Calibration is a process of comparing model results with field data and making the appropriate adjustments so that both results agree. Calibration methods can involve formal optimization methods or manual methods in which the modeler informally examines alternative model parameters. The development of a calibration framework typically involves the following: (1) definition of the model variables, coefficients, and equations; (2) selection of an objective function to measure the quality of the calibration; (3) selection of the set of data to be used for the calibration process; and (4) selection of an optimization/manual scheme for altering the coefficient values in the direction of reducing the objective function. Hydraulic calibration usually involves the modification of system demands, fine-tuning the roughness values of pipes, altering pump operation characteristics, and adjusting other model attributes that affect simulation results, in particular those that have significant uncertainty associated with their values. From the previous steps, it is clear that model calibration is neither unique nor a straightforward technical task. The success of a calibration process depends on the modeler's experience and intuition, as well as on the mathematical model and procedures adopted for the calibration process. This paper provides a summary of the Battle of theWater Calibration Networks (BWCN), the goal of which was to objectively compare the solutions of different approaches to the calibration of water distribution systems through application to a real water distribution system. Fourteen teams from academia, water utilities, and private consultants participated. The BWCN outcomes were presented and assessed at the 12th Water Distribution Systems Analysis conference in Tucson, Arizona, in September 2010. This manuscript summarizes the BWCN exercise and suggests future research directions for the calibration of water distribution systems.

Battle of the water calibration networks

Berardi L.;
2012

Abstract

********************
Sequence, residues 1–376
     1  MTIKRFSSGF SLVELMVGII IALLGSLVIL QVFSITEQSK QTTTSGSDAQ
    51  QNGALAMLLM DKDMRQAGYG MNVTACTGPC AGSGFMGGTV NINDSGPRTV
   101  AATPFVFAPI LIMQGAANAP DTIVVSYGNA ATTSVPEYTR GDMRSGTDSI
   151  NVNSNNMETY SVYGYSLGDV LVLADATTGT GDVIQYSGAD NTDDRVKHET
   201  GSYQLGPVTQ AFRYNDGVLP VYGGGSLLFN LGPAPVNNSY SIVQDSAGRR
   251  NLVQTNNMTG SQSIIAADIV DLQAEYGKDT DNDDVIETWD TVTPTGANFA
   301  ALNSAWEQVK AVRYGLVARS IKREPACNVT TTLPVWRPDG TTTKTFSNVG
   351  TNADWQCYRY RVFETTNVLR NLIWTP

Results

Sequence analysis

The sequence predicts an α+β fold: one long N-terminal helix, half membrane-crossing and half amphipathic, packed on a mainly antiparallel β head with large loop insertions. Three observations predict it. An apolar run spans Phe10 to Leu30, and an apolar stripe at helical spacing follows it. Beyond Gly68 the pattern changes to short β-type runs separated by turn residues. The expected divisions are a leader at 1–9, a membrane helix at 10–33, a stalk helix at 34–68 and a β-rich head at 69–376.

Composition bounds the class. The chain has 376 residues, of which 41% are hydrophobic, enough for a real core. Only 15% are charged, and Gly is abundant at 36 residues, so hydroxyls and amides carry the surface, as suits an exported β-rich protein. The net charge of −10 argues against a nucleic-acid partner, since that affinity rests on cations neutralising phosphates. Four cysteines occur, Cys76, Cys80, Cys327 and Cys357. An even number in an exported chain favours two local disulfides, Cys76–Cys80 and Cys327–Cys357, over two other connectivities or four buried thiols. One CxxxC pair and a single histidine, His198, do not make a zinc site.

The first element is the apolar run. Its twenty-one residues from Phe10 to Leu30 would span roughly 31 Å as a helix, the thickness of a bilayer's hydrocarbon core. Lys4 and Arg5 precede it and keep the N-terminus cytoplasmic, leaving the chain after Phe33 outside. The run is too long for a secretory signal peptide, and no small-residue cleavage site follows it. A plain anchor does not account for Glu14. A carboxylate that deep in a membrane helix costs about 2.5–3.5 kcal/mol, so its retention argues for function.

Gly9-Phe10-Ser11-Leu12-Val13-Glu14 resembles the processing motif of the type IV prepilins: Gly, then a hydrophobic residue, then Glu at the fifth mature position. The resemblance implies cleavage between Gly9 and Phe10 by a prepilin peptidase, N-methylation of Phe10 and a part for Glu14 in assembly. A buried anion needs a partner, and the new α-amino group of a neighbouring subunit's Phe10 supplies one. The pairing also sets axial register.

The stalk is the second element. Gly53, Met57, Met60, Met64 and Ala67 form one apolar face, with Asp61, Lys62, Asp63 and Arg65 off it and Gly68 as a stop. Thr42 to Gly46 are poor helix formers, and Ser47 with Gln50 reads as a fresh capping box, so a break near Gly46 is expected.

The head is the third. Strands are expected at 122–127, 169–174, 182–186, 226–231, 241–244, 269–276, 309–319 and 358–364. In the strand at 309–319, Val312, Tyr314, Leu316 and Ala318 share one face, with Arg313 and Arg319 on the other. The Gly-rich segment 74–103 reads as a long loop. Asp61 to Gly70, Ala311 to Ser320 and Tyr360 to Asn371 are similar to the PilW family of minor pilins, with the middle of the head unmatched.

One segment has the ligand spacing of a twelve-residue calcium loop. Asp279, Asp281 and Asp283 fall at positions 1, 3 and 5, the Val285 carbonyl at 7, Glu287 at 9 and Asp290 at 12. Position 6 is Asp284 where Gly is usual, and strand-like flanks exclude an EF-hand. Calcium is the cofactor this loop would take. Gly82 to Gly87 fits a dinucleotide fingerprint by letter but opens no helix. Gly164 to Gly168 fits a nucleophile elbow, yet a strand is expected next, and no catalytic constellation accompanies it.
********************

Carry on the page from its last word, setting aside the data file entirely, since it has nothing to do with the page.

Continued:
Calibration is a process of comparing model results with field data and making the appropriate adjustments so that both results agree. Calibration methods can involve formal optimization methods or manual methods in which the modeler informally examines alternative model parameters. The development of a calibration framework typically involves the following: (1) definition of the model variables, coefficients, and equations; (2) selection of an objective function to measure the quality of the calibration; (3) selection of the set of data to be used for the calibration process; and (4) selection of an optimization/manual scheme for altering the coefficient values in the direction of reducing the objective function. Hydraulic calibration usually involves the modification of system demands, fine-tuning the roughness values of pipes, altering pump operation characteristics, and adjusting other model attributes that affect simulation results, in particular those that have significant uncertainty associated with their values. From the previous steps, it is clear that model calibration is neither unique nor a straightforward technical task. The success of a calibration process depends on the modeler's experience and intuition, as well as on the mathematical model and procedures adopted for the calibration process. This paper provides a summary of the Battle of theWater Calibration Networks (BWCN), the goal of which was to objectively compare the solutions of different approaches to the calibration of water distribution systems through application to a real water distribution system. Fourteen teams from academia, water utilities, and private consultants participated. The BWCN outcomes were presented and assessed at the 12th Water Distribution Systems Analysis conference in Tucson, Arizona, in September 2010. This manuscript summarizes the BWCN exercise and suggests future research directions for the calibration of water distribution systems.
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Utilizza questo identificativo per citare o creare un link a questo documento: http://hdl.handle.net/11564/706549
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